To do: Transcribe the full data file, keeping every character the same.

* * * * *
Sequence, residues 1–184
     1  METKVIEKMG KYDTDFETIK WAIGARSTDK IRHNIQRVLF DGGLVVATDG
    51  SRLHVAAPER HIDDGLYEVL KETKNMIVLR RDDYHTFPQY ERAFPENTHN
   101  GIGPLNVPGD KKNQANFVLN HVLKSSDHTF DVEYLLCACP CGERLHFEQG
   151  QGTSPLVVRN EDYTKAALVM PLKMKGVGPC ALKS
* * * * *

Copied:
Sequence, residues 1–184
     1  METKVIEKMG KYDTDFETIK WAIGARSTDK IRHNIQRVLF DGGLVVATDG
    51  SRLHVAAPER HIDDGLYEVL KETKNMIVLR RDDYHTFPQY ERAFPENTHN
   101  GIGPLNVPGD KKNQANFVLN HVLKSSDHTF DVEYLLCACP CGERLHFEQG
   151  QGTSPLVVRN EDYTKAALVM PLKMKGVGPC ALKS